By Alex Tanzi
For the fifth year in a row, metropolitan areas in the U.S. outpaced rural and small towns in per capita personal income — total pay divided by population.
Metro areas increased 4.9% in 2018, up from 4.1% in 2017. In non-metro areas, per capita personal income increased 4.7%, up from 3.3%. The five year streak is the longest in records going back 50 years.
Per capita personal income last year averaged $56,527 for Americans living in metropolitan areas and $41,552 for those in smaller regions.
In terms of growth, Midland and Odessa, Texas, outpaced all 374 metro areas with the fastest growth, at 17.4% and 14.6% respectively. Midland leads the country in per capita personal income, too, with an average of $122,247 in 2018 — almost $96,000 higher than the lowest ranked McAllen-Edinburg-Mission, Texas, metro area.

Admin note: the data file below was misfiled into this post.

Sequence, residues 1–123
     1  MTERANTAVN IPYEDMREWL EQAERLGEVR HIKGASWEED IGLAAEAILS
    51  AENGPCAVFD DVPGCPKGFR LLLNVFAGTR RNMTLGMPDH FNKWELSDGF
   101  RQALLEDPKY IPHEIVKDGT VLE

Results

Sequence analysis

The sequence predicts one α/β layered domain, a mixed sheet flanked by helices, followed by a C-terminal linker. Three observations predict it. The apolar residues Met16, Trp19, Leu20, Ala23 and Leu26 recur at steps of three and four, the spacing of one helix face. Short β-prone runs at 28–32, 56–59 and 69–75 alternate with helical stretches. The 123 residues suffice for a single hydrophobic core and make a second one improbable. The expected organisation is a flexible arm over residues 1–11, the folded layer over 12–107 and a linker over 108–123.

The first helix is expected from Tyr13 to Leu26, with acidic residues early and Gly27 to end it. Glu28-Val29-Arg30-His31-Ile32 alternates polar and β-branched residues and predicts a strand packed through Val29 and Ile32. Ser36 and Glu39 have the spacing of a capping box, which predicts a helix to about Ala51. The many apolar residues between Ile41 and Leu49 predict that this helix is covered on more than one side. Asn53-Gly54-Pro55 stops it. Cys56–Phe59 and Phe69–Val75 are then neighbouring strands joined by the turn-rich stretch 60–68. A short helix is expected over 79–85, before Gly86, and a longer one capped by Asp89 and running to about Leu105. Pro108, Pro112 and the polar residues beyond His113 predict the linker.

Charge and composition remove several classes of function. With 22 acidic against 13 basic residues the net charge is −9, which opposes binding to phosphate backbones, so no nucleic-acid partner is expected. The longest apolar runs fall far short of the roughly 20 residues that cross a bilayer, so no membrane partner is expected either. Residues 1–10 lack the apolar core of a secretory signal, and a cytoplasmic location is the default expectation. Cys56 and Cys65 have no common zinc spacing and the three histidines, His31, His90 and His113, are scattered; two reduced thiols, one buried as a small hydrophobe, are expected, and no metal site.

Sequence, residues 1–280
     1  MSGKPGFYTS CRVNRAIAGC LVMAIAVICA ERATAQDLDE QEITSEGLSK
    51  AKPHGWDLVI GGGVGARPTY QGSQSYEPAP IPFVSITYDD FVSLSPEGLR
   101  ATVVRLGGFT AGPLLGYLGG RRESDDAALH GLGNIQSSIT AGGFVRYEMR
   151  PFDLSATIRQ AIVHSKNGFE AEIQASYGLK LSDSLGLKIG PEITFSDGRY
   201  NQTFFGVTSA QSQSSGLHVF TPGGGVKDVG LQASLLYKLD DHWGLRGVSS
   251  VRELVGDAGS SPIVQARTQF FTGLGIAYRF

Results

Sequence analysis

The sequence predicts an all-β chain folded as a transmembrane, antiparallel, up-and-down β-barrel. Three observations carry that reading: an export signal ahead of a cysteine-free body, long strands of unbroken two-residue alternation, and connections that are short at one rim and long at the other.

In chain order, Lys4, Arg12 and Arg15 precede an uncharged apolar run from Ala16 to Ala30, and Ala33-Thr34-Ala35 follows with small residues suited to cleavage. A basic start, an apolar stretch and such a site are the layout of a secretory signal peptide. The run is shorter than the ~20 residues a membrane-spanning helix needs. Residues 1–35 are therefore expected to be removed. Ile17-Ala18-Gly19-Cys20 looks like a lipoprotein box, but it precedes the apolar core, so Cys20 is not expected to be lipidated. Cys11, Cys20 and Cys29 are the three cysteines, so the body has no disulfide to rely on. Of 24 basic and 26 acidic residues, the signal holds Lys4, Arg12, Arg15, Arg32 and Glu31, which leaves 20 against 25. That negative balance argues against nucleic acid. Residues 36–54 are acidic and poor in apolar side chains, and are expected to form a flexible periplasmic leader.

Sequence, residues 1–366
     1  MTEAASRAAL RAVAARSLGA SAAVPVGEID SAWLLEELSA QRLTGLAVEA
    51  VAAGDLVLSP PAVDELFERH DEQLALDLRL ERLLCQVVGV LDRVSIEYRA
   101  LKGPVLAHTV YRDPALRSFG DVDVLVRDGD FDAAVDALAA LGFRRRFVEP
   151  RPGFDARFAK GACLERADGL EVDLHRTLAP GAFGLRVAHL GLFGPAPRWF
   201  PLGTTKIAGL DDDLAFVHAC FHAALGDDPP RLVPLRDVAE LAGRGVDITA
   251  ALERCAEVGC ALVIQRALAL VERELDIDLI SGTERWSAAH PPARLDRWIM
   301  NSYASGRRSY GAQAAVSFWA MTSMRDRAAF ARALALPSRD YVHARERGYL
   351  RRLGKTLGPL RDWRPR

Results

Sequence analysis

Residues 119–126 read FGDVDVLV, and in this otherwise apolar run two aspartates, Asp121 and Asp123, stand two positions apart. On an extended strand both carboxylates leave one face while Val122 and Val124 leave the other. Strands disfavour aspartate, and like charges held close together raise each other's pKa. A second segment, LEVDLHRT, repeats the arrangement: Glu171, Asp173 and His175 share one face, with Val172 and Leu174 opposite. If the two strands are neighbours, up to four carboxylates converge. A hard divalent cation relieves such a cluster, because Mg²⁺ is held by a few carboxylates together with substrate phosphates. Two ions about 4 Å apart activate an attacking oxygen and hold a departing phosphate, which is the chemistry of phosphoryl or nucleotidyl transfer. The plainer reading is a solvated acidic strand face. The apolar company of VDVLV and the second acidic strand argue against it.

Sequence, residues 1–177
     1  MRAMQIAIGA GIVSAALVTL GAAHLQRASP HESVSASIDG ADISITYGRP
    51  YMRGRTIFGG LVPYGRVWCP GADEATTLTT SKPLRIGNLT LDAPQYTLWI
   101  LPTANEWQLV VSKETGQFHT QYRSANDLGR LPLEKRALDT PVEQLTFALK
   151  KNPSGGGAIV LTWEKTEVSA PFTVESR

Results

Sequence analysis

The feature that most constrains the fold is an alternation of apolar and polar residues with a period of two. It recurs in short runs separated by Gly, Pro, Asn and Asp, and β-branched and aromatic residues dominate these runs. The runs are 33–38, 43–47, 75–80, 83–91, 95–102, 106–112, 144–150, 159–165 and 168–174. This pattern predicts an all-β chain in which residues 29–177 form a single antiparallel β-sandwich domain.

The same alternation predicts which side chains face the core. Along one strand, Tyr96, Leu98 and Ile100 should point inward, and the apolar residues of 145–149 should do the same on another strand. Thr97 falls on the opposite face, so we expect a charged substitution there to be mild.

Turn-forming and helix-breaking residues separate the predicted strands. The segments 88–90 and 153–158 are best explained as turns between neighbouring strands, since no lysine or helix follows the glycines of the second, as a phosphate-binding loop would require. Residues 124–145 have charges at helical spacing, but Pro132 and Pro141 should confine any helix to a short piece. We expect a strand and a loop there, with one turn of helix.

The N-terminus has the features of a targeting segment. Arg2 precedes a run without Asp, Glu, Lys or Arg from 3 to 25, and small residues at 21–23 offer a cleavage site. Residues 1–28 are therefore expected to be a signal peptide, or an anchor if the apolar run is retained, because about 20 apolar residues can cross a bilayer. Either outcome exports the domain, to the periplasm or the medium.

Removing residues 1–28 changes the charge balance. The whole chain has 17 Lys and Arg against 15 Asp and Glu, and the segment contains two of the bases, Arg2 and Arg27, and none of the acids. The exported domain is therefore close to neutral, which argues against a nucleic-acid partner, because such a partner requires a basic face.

Not surprisingly, Midland’s riches are drawing people to the city. It led all metro areas in population growth last year with a 4.4% gain. By contrast, populations in more than one in five metro areas shrank last year.
The trend could change, however. A recent drop in energy rigs in the area — a sign of future activity — has coincided with the moderation of job opportunities and in some cases a drop wages, according to the latest data from the Federal Reserve Bank of Dallas.
The Commerce Department data released last week show that non-metro areas continue the slide as a share of overall personal income. Last year, just 10.6% of overall U.S. personal income came from non-metro areas — the smallest share since at least 1969.
From 2016 to 2018, per capita income in Midland grew by 28%. Among the top 5 areas where income grew fastest over the last two years, three are in Texas.